Everything looks the same, everyone looks the same, the dog is still cute but annoying, AND YET…
Everything is different. No super loud suction pump going off all the time. No super loud air compressor. No need to keep Ike's clothes and towels and blankets all downstairs. No need for Ike to sleep downstairs anymore. No HMEs, no saline bullets. No nebs. Only reflux meds.
Suddenly, there are three kids laughing all the time. Who knew that every time Ike was smiling, he was also laughing? I could have guessed, but never knew until now.
Yesterday, the whole family – all together, with no nurse! – went to Ikea. We bought Ike his own bed (to go in the master bedroom because we've suddenly realized we're a room short, and also because I can't let him out of my sight yet. I've still been attaching the pulse ox to his toe at night, to monitor his oxygen levels, but he hasn't dropped under 99 since he was released from the hospital, so I should probably put it away.)
Our big treat this morning is that Ike-a-saurus is walking again. He's pretty wobbly, but as I write this, he's standing on the kids little trampoline in the playroom, laughing like a mad man while the wee-er one hits him with balloons.
The wee one and the wee-er one aren't sure what to make of all this. When we got home the wee one cried. He said it was all overwhelming and he didn't know what to think or feel. He said he was scared and didn't want everything to change. But then we talked about all the things that would be changing (specifically, a time in the future when Ike and the wee one may share a room – and a bunk bed) and he started to feel better. I think the kids were surprised by the scars on Ike's neck and chest – and they were scared by them. I didn't do a good job of preparing them for that, I honestly just didn't even think it would be a big deal. That was dumb of me. The wee one was really freaked out. He actually was nauseated for a few minutes.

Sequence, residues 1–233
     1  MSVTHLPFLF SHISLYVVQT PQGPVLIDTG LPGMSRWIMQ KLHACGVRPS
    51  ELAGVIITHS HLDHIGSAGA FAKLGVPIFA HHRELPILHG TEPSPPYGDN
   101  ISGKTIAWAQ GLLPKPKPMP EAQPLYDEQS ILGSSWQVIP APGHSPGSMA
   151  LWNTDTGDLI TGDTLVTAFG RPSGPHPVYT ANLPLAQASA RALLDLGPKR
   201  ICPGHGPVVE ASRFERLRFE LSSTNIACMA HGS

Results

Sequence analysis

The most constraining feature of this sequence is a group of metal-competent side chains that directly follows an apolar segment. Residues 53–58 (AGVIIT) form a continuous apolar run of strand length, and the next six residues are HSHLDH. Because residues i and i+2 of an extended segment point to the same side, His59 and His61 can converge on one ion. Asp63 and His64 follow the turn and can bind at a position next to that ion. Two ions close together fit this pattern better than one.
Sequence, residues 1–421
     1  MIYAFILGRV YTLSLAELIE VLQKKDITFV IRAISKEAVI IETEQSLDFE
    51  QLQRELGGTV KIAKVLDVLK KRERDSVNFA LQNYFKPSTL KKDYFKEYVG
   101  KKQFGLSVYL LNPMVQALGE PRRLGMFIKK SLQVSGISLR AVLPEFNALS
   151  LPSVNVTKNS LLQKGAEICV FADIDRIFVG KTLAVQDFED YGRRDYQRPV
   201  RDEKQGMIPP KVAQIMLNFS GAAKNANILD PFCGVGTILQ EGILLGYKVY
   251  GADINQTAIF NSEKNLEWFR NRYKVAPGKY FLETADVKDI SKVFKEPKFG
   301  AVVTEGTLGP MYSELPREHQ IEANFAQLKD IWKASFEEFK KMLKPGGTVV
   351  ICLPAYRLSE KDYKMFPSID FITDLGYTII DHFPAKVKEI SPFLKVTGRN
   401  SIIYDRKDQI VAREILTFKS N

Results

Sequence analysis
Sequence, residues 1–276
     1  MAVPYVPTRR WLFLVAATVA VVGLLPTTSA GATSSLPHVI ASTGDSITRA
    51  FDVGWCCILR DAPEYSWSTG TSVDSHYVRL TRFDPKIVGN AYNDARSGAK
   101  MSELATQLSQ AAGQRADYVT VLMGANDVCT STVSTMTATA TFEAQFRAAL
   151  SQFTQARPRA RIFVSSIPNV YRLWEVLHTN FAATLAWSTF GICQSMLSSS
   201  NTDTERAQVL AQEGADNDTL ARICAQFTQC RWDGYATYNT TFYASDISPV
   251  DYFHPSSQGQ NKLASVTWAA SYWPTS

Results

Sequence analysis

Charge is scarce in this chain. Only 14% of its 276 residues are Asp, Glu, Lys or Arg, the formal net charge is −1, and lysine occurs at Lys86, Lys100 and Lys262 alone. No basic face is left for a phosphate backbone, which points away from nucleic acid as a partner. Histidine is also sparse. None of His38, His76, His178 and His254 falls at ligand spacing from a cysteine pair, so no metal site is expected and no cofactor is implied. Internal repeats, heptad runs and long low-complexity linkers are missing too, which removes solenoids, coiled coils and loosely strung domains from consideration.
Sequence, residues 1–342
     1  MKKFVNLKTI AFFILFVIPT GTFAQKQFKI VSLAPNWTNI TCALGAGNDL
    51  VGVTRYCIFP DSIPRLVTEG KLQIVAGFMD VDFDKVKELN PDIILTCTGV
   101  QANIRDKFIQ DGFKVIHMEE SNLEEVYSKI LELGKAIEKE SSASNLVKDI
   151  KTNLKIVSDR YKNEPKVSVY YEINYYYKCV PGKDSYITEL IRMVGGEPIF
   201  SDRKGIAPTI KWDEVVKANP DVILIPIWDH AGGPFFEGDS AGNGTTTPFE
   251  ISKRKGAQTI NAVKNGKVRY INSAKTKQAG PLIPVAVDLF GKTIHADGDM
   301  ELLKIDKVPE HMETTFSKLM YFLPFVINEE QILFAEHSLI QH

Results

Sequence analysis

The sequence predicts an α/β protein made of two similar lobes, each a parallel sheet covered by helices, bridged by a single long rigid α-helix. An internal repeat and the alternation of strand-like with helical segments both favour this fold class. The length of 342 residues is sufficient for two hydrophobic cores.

Now, though, they seem OK. Obviously, it will take us all a while to process everything, and we still have challenges to come. We will have to take Ike back to Dr. Fancy Pants in a month, and then three months after that, and then six months after that, and so on. We are under instruction to have Ike airlifted to Cincy if something goes awry. His airway will always be smaller than typical, and contact sports are probably a no go. There's a high likelihood he will need oxygen support when he's sick, because of some scarring in his lungs (attributable to the illnesses he had while trached, and to being a preemie). We will still have to be extremely vigilant about germs, especially during RSV and flu season. Things can still get perilous pretty fast, but I can't be thinking about that all the time. I can't dwell on it. We have to celebrate being trach-free, and enjoy every day.
So many little things are new again – hearing Ike laugh (we'd only heard him laugh once, in his sleep, before he was trached), being able to give him a bath in lots of water, buying a sand table, planning vacations where we don't have to contact medical supply companies, turning all the lights off downstairs at night because no one has to be down there, scheduling doctor appointments whenever we like because we don't have to worry about our nursing schedule, swimming, etc.
It's our house and our life, but it's so much different now.